Small, healthy lifestyle changes and involvement in meaningful activities—going beyond just diet and exercise—are critical to healthy aging, according to a new USC study.
Guided by lifestyle advisors, seniors participating in the study made small, sustainable changes in their routines (such as visiting a museum with a friend once a week) that led to measurable gains in quality of life, including lower rates of depression and better reported satisfaction with life.
The study validates the current trend in public health strategies to focus on preventing illness and disability, as opposed to treating issues once they have already begun to negatively impact health, according to lead investigator Florence Clark.
"What is critical is that, as we age, we continue to be engaged in life through a sustainable mix of productive, social, physical and spiritual activities. This goal of prevention and wellness is really a key to health care reform, and results in cost savings to society," said Clark, professor and associate dean of the Division of Occupational Science and Occupational Therapy at the Herman Ostrow School of Dentistry of USC, and president of the American Occupational Therapy Association.
"The emphasis now is prevention," she said. "There are non-pharmacologic interventions that work."
The Well Elderly 2 trial was performed between 2004 and 2009, with the write-up appearing in the June 2 issue of the Journal of Epidemiology and Community Health.
During six-month periods, licensed occupational therapists assisted more than 200 individuals aged 60 and older to develop sustainably healthy lifestyles and see if they improved the participants' overall quality of life.
"The key to the individualized plans was to make them sustainable," Clark said.
For example, some people like going to the gym to stay physically healthy, but others find the thought of slaving away in a room indoors for three times a week utterly abhorrent—so much so that, no matter what good intentions they have, they will not wind up going. For such individuals, a more effective and longer-lasting strategy to improve physical health may be to instead walk for an hour around their neighborhood in the evenings.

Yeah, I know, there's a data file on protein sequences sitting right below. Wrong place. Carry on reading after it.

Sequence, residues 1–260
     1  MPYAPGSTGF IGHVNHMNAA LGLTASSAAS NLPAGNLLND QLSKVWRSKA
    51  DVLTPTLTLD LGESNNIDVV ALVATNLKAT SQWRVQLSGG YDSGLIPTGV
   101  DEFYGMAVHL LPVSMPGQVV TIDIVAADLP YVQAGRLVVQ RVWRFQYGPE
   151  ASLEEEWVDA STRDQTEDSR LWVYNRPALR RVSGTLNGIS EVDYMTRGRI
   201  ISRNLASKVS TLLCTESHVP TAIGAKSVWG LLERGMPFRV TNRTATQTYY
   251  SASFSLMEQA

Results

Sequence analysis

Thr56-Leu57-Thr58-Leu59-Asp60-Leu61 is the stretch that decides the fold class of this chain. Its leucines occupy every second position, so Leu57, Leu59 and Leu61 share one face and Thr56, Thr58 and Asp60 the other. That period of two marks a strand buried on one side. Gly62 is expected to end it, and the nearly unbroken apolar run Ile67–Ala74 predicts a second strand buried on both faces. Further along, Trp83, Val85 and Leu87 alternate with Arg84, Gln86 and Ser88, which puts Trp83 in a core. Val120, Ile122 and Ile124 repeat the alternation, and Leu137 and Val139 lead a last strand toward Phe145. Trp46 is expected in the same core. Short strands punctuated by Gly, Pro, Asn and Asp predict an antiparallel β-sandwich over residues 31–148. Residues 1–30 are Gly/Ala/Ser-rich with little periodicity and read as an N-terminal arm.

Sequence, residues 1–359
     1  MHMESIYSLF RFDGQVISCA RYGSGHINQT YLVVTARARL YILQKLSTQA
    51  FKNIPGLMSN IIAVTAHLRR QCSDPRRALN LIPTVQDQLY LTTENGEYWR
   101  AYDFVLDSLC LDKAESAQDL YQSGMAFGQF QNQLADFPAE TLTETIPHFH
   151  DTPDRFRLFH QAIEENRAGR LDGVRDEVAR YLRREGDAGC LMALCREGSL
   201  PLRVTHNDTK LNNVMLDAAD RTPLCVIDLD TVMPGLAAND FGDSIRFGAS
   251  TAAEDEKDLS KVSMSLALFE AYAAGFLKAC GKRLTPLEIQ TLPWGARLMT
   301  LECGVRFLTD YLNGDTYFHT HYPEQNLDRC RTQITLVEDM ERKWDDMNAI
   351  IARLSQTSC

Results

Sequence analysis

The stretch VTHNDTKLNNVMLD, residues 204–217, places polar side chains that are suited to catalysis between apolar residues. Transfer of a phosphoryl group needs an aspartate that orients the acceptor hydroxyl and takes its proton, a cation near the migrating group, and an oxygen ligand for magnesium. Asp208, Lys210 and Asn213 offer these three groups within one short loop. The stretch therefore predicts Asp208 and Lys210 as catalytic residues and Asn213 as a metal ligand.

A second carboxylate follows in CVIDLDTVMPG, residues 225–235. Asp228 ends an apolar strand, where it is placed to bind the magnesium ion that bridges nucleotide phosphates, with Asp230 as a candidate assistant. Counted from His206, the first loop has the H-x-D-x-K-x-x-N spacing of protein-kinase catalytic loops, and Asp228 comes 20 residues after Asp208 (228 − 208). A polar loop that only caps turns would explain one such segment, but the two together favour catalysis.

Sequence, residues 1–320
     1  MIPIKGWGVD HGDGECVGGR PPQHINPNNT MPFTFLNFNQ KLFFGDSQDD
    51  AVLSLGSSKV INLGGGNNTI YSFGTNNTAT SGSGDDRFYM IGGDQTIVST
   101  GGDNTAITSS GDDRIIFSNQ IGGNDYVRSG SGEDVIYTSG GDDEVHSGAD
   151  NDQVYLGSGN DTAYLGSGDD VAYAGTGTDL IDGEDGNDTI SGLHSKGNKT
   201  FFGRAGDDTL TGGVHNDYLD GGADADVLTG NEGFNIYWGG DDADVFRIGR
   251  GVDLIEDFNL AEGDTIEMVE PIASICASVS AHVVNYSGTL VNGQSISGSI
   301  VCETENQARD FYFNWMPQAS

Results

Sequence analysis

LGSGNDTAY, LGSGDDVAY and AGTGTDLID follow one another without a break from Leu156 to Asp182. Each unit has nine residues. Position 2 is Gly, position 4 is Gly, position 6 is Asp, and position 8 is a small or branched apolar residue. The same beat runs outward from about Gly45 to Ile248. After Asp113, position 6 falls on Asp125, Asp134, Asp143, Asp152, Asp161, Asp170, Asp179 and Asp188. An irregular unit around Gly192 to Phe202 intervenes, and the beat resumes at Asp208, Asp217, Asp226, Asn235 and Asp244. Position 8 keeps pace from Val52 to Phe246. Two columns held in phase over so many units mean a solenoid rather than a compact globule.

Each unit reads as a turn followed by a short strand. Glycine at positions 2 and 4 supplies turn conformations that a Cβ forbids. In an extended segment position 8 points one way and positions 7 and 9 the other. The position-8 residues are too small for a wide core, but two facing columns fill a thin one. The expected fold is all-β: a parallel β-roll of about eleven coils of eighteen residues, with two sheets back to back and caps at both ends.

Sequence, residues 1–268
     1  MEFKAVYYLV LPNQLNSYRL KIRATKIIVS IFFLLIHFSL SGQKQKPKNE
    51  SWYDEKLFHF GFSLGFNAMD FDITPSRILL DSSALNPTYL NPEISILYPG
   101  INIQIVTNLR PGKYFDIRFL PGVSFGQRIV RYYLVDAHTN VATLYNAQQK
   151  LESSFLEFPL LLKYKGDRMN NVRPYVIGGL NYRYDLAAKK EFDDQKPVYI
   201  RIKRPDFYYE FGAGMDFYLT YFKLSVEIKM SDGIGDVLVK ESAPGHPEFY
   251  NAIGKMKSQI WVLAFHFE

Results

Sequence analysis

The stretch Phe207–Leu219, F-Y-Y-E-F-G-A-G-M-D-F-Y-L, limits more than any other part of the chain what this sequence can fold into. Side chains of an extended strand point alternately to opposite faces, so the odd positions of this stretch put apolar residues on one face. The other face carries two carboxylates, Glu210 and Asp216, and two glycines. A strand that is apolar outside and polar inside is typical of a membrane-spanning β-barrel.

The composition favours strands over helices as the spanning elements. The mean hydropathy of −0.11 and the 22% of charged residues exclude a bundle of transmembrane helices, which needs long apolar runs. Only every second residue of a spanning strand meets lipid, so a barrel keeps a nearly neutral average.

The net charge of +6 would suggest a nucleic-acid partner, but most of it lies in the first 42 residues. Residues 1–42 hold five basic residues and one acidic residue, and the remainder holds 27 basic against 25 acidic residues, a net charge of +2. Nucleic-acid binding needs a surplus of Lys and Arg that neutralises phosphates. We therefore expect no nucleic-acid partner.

The occupational therapists also provided guidance for using public transportation, getting the participants off of the couch and out into the world.
"You're able to go to a museum, you're able to go to a park… it can open up a whole world of opportunities," Clark said. In one instance, the therapists helped a woman who had taken a nasty fall while boarding a bus to work up enough confidence to ride again. Eventually, she was able to take the bus to go do volunteer work—a fulfilling pastime that she had sorely missed, Clark said.
"Being engaged in a social life has a positive effect on health," she said, "but the public is not sufficiently aware of how key this is to successful aging."
The older adult participants were described as "well" because they were living in the community, not in a skilled nursing facility or other institutional setting.
To determine the results of the trial, quality of life was measured using a variety of indicators, including physical health, mental health, social well-being and life satisfaction. The program participants were compared to a control group that did not receive the intervention.
Though the two groups started out roughly equivalent, the intervention group showed significant improvement in lessening bodily pain and depression while improving vitality, social function, mental health and overall life satisfaction.
Lesser, though still measurable, gains were made in general health and physical abilities.
At the end of the first phase of the trial, the control group was provided with the same treatment that had been given to the intervention group—and made identical progress.
The study findings replicate the outcomes of the influential Well Elderly 1 trial, but extend them to a more ethnically diverse population living in a wide range of community settings, demonstrating the lifestyle program's value for the general public.
The results of the Well Elderly 1 trial, conducted in 1997, were used by the London-and-Manchester-based National Institute for Health and Clinical Excellence (NICE) to develop recommendations for British public health policies.
"Although people are living longer, it is important that they also live better. This intervention results in improved quality of life and provides a vehicle for maintaining health as we age," Clark said.
The Well Elderly 2 trial demonstrated that, compared with other interventions, this lifestyle intervention was cost-effective. For every dollar spent, there was a significant enough gain in health outcomes to justify the expenditure, according to Clark.
"The American public needs to know about this," she said. "Making positive changes in how we live each day, and sustaining those changes over the long term, is critical for maintaining independence and healthy aging."
The study was funded by a grant from the National Institute on Aging at the National Institutes of Health.
Journal of Epidemiology & Community Health